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Language Arts for Elementary Students: Figurative Language, Terms & Quiz

written by: Kellie Hayden • edited by: Donna Cosmato • updated: 10/31/2013

Figurative language, sometimes difficult to teach, can be taught easily with games. Students can learn how to analyze figurative language by middle school, whether it occurs in prose or poetry. Here we have definitions of language arts terms for this purpose--including a quiz.

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    Steps to Success

    In early elementary classes, students just need to know the basics of figurative language. By middle school, students should be able to identify figurative language and analyze it in poems and novels. In addition, students should also be using figurative language in their descriptive writing as well as when they write poems.

    Learning Figurative Language Review of Figurative Language

    The example lines included are excerpts or lines from classic pieces of literature and poems. The literary works used are part of the public domain.

    Alliteration is the repetition of consonants in the first letter of words

    Example: "The Passionate Shepherd to His Love" by Christopher Marlowe

    The shepherd swains shall dance and sing

    Assonance the repetition of vowel sounds in words

    Example line: "Because I Could Not Stop for Death" by Emily Dickenson

    He kindly stopped for me;

    Hyperbole is an exaggeration

    Example lines: "The Passionate Shepherd to His Love" by Christopher Marlowe

    And I will make thee beds of roses

    And a thousand fragrant posies;

    Idiom means sayings or expressions that have figurative meaning

    Example lines: The Jungle Book: “Rikki-Tikki-Tavi” by Rudyard Kipling

    It is the hardest thing in the world to frighten a mongoose, because he is eaten up from nose to tail with curiosity.

    Imagery involves using one or more of the five senses (sight, touch, taste, hearing, and smell) to describe characters, places or things in literature or poems

    Example lines: "The Raven" by Edgar Allan Poe

    And the Raven, never flitting, still is sitting, still is sitting

    On the pallid bust of Pallas just above my chamber door;

    And his eyes have all the seeming of a demon's that is dreaming

    Metaphor is the comparison of two unlike things

    Example line: Midsummer Night's Dream by William Shakespeare

    Your eyes are lode-stars

    Onomatopoeia occurs with words that mimic or imitate sounds

    Example lines: The Jungle Book: “Rikki-Tikki-Tavi” by Rudyard Kipling

    Darzee and his wife only cowered down in the nest without answering, for from the thick grass at the foot of the bush there came a low hiss–a horrid cold sound that made Rikki-tikki jump back two clear feet.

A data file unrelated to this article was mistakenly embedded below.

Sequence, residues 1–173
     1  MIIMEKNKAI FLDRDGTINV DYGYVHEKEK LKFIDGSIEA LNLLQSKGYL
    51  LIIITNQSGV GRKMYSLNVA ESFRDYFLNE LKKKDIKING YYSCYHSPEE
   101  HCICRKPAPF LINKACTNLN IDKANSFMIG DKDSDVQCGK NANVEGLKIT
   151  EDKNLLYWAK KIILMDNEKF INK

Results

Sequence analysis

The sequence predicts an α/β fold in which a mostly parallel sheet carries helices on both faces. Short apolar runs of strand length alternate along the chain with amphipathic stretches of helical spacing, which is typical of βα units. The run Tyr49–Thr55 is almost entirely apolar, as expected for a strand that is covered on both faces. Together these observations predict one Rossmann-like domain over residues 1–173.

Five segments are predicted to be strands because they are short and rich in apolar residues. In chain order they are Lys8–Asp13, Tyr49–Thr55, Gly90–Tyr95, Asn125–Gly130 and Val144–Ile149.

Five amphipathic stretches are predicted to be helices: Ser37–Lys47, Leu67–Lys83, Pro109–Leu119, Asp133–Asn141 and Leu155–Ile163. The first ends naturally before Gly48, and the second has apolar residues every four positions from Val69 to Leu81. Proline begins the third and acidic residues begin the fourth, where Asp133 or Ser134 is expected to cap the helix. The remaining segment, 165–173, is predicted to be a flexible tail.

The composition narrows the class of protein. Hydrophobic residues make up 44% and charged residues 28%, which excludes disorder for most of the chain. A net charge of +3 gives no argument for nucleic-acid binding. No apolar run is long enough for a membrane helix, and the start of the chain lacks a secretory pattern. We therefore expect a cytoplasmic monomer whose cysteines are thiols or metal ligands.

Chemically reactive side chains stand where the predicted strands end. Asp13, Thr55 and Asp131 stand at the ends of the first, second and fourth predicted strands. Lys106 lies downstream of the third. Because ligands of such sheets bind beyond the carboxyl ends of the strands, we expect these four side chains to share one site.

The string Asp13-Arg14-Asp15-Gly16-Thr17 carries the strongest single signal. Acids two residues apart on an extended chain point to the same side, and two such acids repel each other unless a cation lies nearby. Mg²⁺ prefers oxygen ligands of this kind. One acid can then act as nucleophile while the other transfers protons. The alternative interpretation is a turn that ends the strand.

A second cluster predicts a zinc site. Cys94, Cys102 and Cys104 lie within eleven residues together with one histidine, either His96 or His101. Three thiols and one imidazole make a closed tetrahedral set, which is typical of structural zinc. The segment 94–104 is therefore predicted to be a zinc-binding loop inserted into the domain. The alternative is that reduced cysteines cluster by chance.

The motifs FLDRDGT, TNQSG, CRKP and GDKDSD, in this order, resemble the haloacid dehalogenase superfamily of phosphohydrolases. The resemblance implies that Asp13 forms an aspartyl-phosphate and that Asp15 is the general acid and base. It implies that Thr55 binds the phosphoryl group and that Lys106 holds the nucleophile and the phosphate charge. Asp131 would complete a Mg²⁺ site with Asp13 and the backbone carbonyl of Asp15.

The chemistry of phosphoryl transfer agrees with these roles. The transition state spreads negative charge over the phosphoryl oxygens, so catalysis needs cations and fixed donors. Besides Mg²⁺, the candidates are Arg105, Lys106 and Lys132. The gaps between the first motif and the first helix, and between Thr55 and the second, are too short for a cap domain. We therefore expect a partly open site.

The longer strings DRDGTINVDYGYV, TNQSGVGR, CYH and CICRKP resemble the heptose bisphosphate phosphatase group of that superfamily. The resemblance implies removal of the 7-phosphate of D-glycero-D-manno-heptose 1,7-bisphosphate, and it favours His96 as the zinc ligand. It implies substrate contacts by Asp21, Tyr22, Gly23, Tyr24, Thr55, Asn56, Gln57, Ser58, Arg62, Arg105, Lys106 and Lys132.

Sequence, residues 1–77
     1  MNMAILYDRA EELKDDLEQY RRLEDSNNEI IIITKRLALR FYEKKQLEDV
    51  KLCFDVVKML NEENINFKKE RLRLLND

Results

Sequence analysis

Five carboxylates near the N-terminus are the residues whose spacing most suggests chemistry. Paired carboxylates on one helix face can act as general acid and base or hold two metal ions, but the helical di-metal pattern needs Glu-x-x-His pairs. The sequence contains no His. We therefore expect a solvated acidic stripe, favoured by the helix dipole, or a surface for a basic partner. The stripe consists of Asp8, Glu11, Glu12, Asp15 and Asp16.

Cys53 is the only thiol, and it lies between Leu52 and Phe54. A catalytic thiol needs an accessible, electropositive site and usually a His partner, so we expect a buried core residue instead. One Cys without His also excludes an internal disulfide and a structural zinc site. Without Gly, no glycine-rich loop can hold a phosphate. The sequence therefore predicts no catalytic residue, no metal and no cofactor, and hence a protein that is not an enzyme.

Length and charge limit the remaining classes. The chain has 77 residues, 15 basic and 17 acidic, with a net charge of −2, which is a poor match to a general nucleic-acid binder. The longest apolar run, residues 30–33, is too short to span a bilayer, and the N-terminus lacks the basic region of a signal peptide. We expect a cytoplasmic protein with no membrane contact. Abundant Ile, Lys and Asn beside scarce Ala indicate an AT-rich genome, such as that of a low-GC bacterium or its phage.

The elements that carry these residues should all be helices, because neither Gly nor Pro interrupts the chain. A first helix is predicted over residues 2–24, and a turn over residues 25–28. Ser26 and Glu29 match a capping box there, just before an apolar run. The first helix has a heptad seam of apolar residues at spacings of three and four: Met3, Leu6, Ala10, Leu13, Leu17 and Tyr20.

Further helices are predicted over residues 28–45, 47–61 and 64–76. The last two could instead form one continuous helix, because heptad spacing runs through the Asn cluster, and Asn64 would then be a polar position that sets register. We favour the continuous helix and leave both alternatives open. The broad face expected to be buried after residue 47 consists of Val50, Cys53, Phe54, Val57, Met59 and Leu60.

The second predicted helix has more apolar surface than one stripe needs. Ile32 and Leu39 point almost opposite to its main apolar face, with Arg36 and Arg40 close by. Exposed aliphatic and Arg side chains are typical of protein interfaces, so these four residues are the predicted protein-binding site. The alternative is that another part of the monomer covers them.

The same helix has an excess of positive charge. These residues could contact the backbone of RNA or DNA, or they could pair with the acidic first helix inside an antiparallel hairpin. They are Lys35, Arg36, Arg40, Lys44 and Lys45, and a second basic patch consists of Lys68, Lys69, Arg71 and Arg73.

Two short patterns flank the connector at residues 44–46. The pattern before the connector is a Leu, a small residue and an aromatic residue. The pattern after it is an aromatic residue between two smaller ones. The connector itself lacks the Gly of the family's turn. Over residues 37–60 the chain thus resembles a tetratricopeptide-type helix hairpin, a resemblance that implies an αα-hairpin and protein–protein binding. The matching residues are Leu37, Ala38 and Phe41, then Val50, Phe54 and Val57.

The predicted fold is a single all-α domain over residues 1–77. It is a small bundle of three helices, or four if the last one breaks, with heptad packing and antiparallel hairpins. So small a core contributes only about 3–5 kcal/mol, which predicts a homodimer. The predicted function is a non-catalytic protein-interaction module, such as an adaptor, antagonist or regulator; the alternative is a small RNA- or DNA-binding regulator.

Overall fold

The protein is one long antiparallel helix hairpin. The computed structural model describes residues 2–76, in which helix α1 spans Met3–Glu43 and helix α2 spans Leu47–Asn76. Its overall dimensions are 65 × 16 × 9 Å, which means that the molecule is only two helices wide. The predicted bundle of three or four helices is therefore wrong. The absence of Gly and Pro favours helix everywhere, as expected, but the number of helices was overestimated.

Personification is giving human qualities or characteristics to an animal, an object or an idea

    Example line: "Casey at the Bat" by Ernest Lawrence Thayer

    Five thousand tongues applauded when he wiped them on his shirt

    Simile is a comparison of two unlike things using like or as

    Example lines: Midsummer Night's Dream by William Shakespeare

    No, no, I am as ugly as a bear

    or:

    And then the moon, like to a silver bow

    New-bent in heaven

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    Figurative Language Games

    Introduce Figurative Language

    Mention figurative language and you might hear a groan or two from your students, especially when you mention how it fits in with the state standards and indicators. However, talk about cereal that makes noise when you add milk, and you might just grab their attention. Cereal that snaps, crackles and pops is much more exciting than asking students what onomatopoeia is. Many students roll their eyes when they hear it and most cannot spell it. Many times, games help students to learn better as well.

    Figurative Lyric Game

    Teaching figurative language is all in the presentation. Some students do not appreciate poetry and that is putting it lightly. However, show them a simile from their favorite pop song, and they will be all ears.

    For example, you can play the lyric game with your students. Students can play for points by knowing the artist of a couple of lines of a lyric and know the type of figurative language used.

    Figurative Language Game

    For this game, students will be placed in two teams. Each team will need to try and to guess what type of figurative language is used in each line. There are twelve included. Then, students can make up their own to stump each other.

    1. The giant's yellow toe glowed in the dark.

    • Assonance

    2. The river swirled and danced before it leapt over the falls.

    • Personification

    3. His hand felt like an icicle when I held it.

    • Simile

    4. Practice makes perfect when making pickles.

    • Alliteration

    5. A bird in the hand is better than two in the bush.

    • Idiom

    6. His brown eyes were hollow shadows.

    • Metaphor

    7. The buzz of the bees and the oink of the pigs made me feel at home.

    • Onomatopoeia

    8. The white honeysuckle swayed in the warm breeze, filling the whole hillside with a fragrant perfume.

    • Imagery

    9. The water raged and jumped above the rocks on the bank after the storm.

    • Personification

    10. His rage was like a volcano ready to erupt on any given day.

    • Simile

    11. Make me a mushroom burger.

    • Alliteration

    12. Jen called her boyfriend a thousand times a day.

    • Hyperbole